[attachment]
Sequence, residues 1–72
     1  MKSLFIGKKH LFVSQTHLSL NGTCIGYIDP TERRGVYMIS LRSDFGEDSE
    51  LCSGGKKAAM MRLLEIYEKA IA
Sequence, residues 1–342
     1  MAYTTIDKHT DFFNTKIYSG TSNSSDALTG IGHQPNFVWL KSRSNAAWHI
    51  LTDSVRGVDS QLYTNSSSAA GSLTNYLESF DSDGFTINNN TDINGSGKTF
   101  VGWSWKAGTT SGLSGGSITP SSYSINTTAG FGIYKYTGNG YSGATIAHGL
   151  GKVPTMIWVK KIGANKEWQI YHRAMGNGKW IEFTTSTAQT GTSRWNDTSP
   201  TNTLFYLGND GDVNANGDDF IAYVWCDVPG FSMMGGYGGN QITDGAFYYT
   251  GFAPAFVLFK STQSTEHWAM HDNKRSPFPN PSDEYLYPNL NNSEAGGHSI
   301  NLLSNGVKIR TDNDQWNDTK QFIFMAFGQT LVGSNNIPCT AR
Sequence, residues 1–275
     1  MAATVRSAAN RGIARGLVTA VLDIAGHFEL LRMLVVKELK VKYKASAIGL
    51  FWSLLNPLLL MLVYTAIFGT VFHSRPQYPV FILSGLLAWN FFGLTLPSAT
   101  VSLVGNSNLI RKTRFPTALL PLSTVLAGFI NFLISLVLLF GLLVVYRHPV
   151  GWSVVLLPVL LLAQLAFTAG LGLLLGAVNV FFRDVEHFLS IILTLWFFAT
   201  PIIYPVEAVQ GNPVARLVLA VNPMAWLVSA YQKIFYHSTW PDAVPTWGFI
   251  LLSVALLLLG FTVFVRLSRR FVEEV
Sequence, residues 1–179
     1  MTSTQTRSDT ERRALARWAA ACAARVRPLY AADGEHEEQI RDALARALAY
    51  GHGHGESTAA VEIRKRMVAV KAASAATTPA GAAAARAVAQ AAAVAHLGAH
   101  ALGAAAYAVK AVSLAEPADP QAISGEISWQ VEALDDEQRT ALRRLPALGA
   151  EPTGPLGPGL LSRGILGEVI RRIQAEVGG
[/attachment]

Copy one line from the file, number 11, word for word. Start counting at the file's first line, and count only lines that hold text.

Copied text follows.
   301  NLLSNGVKIR TDNDQWNDTK QFIFMAFGQT LVGSNNIPCT AR